On Saturday morning, I was engaged in a chat with No Passing Fancy that covered a wide range of topics. Our chats typically do cover a wide range of subjects ranging from the personal (our plans for the day) to the bigger picture (life in South Africa compared to life in South Dakota). That latter topic is quite interesting as in many ways our lives are profoundly different and in a few they are kind of similar. It is a time of mutual education, I learn much from her and she learns much from me. It is often that some of the things that I learn or start thinking about appear in my brain after the chat has ended.
One of the topics on Saturday was about how neither one of us really feels “relationship worthy” at this time. That’s not going to be the subject of this post, however. I want to talk about what happened as a result of that conversation.
My comment was essentially that while I did not believe I was “relationship worthy” right now I thought that it could easily change in the future. I told her that if someone had asked me on Jan. 16 to predict what I would be doing on Jan. 23 I wouldn’t have come anywhere close with my guess.
Last Sunday, I wrote about the previous day and how it was a good one. It was noteworthy because I called it the first good day that I had experienced since Ginny died. However, on Saturday morning I still had not reactivated my Facebook page and I still wasn’t feeling very chatty. So if you asked me early in the morning of Jan. 16 what I would be doing exactly one week later, I would not have guessed that I’d be engaged in a thrilling and educational chat on Facebook with someone who lived in South Africa. If you gave me 30 guesses I wouldn’t have guessed that would be my activity one week later.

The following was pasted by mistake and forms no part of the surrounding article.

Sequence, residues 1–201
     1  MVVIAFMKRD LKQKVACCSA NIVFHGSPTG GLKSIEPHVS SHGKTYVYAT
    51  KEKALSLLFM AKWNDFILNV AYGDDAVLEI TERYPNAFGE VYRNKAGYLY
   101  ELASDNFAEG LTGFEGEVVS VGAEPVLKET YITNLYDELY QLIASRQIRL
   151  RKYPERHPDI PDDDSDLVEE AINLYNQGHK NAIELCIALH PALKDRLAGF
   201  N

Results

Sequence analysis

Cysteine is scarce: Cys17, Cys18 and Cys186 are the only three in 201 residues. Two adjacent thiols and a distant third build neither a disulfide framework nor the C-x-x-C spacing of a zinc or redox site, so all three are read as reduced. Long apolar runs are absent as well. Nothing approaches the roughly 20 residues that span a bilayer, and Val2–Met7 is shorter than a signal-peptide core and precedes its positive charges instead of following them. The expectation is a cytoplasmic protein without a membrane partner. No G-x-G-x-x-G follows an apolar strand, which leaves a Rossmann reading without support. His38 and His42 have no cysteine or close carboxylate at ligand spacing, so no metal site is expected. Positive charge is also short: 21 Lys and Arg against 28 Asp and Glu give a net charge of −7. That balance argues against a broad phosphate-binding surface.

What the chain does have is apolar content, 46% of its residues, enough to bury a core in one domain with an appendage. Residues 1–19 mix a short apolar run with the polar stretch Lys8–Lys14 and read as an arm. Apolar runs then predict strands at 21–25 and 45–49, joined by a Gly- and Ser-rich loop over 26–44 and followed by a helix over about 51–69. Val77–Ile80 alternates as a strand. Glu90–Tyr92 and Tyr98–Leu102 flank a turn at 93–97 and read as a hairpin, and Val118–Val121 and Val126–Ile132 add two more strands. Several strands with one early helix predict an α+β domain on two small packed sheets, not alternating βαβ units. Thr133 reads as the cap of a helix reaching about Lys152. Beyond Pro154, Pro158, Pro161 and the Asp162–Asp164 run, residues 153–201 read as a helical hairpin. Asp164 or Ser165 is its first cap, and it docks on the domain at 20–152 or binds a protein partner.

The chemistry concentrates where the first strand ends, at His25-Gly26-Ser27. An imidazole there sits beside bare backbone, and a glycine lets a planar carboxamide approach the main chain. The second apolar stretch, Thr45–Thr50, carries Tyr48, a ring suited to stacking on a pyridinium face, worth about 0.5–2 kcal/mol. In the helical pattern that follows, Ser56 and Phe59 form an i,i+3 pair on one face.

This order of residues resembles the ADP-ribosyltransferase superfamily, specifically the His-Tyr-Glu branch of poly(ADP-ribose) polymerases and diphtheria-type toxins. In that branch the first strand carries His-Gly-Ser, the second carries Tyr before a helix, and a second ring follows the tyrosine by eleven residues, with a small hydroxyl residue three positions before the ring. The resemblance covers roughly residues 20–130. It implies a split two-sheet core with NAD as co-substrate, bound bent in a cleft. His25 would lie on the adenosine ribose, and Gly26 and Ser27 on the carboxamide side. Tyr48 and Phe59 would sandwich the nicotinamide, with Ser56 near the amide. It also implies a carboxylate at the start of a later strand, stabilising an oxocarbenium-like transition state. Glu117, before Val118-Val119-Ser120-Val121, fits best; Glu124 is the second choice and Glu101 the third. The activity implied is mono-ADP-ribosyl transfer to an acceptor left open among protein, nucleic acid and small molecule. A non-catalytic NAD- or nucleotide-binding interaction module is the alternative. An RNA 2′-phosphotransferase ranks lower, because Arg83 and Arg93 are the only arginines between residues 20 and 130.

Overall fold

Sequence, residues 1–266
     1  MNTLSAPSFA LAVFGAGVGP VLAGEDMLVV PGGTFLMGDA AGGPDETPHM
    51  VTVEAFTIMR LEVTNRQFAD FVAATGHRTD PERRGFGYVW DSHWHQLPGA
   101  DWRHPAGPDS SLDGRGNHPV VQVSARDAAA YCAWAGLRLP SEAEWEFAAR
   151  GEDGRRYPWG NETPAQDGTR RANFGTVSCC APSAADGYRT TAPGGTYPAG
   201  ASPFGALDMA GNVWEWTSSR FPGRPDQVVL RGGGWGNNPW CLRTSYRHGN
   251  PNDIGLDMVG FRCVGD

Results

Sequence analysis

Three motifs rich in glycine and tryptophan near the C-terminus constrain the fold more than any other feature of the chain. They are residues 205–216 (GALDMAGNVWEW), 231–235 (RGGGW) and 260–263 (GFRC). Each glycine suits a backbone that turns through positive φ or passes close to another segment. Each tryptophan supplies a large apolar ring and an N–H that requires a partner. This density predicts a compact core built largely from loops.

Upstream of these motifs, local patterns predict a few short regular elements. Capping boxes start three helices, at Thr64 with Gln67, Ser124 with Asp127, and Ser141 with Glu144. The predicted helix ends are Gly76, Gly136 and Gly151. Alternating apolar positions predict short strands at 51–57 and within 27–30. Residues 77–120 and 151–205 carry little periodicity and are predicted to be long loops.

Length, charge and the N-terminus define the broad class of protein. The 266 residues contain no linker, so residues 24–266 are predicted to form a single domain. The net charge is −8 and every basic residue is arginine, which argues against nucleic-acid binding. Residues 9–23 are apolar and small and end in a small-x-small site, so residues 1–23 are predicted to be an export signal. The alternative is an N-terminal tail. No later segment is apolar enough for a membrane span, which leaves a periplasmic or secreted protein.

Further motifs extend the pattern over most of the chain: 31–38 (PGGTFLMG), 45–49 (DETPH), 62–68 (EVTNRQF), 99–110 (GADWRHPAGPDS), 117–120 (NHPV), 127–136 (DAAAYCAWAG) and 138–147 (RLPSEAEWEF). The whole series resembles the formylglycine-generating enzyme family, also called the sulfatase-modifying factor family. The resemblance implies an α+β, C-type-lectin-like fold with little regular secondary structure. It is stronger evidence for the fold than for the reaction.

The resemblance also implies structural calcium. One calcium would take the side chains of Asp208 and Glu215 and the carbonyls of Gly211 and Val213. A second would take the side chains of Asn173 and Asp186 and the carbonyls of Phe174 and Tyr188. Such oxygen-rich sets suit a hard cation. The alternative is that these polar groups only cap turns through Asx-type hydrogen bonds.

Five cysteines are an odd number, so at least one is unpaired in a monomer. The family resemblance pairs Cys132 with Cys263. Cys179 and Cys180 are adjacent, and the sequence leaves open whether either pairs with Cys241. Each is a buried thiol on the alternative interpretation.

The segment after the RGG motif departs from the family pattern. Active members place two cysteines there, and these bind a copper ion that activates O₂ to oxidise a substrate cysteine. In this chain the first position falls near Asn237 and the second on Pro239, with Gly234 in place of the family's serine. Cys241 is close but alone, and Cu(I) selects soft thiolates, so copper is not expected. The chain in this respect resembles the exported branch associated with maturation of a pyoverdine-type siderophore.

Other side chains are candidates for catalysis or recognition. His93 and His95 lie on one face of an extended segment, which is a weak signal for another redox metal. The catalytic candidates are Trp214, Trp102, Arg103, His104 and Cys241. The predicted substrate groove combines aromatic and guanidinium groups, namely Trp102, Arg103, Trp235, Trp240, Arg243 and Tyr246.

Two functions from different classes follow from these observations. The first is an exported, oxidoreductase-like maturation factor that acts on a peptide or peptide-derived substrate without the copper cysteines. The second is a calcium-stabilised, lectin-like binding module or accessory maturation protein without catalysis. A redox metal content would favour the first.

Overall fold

I probably would have guessed that Jan. 23 would have been a lot like Jan. 16. I probably would have told you that I might spend the day reading, listening to podcasts or watching TV. I might have guessed that I could spend the evening with a friend and perhaps we’d go out to dinner. I would have made those guesses based entirely on the fact that it was basically like that for me every day up to that point. Most of my days had looked the same and most had left me feeling the same. Somewhere between horrible and indifferent. I didn’t declare Jan. 16 to be my first good day in awhile until it was completely over. Another thing is that I wouldn’t have predicted even then that my January 16 would be the first in a string of good days.
I would have been a way off just trying to predict a week out. I have no clue what things are going to be like in a month, six months (I bet it is warmer in six months), a year or beyond. Part of that is thrilling because talking to No Passing Fancy has sort of reawakened my sense of wonder and discovery. I love talking to my friends but so many of them come from the same place I do, have the same background I do and have been my friends for so long that there’s not a lot to discover. And that’s fine because that kind of relationship is long-lasting and healthy and productive in different ways.
On the other hand it is frightening. I am not someone who likes to be surprised. I don’t like to be caught off guard and I hate to be unprepared. When I consider a major life decision I try to anticipate as many of the potential outcomes I can both good and bad. I want to be able to tell someone who might ask about my decision that I have not only considered outcome X but outcomes X, Y and Z…and really the entire alphabet.